Friday, March 18, 2005

"Science you see is not infallible!"

The title of this post is a quote from the once-popular G.K. Chesterton vs. Clarence Darrow debate back in 1931. In the debate, when the microphone malfunctioned for some reason, Chesterton continued his speech with his own booming voice by first commenting on the malfunctioned piece of technology: "Science you see is not infallible!"

That anecdote came to mind as I was reading an article entitled 13 things that do not make sense. It lists down 13 scientific anomalies that scientists today still aren't able to explain fully. The list includes scientists' headaches of such varieties ranging from the Placebo Effect to the Cold Fusion theory, things that today's Science still can't explain (or explain away). Of course, I'm not saying that Science can't be trusted; neither did Chesterton 76 years ago. In fact, after Darrow's speech promoting the advantages of scientific study (probably assuming that Chesterton was against Science), Chesterton stood up to announce that he agreed with everything Darrow said (thus bewildering the celebrated American lawyer). At any rate, that Science is not infallible isn't supposed to be an insult to Science at all. It is a statement against the foolish people who think Science is some sort of alternative philosophy to theism, who point excitedly at technological advances as "proof" of Hume's Dictum. These people cannot see that Science can only work if they stop treating it like a cosmic philosophy. In fact, proper Science is the complete opposite of an all-encompassing set of beliefs. It is merely the observation that knowledge of nature still needs improvement; that's what the endless scientific researches are for.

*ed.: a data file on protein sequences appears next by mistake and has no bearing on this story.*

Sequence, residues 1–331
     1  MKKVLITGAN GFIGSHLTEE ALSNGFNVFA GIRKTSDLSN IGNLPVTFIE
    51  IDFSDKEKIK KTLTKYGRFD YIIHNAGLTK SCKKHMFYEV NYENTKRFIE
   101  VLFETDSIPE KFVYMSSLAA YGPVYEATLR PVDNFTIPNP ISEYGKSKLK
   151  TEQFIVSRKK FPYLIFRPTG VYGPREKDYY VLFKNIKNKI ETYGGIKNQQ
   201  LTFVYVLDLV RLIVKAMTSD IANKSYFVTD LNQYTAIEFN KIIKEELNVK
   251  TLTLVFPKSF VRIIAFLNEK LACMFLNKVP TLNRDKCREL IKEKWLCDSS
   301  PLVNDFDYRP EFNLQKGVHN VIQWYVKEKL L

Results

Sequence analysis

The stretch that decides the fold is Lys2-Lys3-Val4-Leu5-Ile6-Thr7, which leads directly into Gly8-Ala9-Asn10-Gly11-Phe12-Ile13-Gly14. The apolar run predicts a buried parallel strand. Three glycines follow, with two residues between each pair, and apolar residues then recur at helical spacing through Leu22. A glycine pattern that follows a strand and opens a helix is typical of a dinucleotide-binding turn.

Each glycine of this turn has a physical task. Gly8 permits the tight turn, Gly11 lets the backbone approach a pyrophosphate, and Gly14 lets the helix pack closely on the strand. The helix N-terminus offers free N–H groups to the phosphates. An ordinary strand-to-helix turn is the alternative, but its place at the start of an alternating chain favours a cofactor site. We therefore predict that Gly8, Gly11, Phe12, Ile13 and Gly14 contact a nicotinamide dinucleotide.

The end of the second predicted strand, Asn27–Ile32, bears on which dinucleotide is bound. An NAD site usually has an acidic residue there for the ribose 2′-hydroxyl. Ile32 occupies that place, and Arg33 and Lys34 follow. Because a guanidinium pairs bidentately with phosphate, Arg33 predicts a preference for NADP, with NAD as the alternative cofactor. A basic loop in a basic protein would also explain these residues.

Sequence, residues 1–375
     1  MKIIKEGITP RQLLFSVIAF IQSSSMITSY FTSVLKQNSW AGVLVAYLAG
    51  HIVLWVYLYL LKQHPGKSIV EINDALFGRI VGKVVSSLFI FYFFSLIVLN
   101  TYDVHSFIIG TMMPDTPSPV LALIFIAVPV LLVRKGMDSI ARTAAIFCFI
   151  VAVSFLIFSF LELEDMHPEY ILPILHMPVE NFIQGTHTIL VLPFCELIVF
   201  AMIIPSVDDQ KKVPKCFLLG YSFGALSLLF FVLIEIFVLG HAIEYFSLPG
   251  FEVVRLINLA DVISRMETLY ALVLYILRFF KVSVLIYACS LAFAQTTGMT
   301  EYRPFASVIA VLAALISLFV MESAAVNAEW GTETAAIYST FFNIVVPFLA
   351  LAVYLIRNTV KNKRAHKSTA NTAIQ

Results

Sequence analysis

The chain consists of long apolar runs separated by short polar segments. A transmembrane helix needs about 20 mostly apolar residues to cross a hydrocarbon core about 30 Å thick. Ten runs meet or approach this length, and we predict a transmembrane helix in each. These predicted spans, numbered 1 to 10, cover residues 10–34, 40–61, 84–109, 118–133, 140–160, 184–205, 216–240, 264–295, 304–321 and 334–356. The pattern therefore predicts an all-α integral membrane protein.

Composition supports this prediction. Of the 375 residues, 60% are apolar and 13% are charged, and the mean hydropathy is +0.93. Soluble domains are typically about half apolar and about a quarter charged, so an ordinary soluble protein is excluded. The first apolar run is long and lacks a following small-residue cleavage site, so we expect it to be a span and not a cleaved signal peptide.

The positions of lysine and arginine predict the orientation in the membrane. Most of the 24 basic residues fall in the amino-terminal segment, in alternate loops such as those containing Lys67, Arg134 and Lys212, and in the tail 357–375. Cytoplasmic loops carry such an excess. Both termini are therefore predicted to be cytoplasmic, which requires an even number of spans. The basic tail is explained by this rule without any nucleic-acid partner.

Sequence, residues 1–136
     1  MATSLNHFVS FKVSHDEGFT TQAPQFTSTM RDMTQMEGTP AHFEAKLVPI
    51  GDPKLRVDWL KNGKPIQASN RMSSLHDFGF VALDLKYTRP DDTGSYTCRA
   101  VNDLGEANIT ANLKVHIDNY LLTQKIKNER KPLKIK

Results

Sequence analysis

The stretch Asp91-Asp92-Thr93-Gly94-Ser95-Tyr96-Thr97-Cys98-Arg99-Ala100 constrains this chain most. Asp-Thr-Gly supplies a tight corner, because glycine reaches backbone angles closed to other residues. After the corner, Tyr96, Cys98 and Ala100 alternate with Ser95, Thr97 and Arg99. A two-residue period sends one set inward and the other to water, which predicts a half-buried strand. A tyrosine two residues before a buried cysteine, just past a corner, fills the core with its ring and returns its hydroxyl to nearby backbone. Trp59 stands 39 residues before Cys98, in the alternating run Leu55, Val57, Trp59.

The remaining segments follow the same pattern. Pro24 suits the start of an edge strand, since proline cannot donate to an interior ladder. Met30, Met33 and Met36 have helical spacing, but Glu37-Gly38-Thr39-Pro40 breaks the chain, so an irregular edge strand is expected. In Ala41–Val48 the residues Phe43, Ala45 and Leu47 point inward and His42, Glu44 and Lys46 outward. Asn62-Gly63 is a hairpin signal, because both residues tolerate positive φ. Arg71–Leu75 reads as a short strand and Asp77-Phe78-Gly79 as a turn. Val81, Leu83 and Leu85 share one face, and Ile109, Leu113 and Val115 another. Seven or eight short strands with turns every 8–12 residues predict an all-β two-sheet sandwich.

Science is, has always have been, and always will be just a practical method of approximating reality based on one of mankind's stubborn, dogmatic, and totally irrational beliefs: that our senses could be trusted. They're not infallible, but when it comes to the material universe, they're all we've got.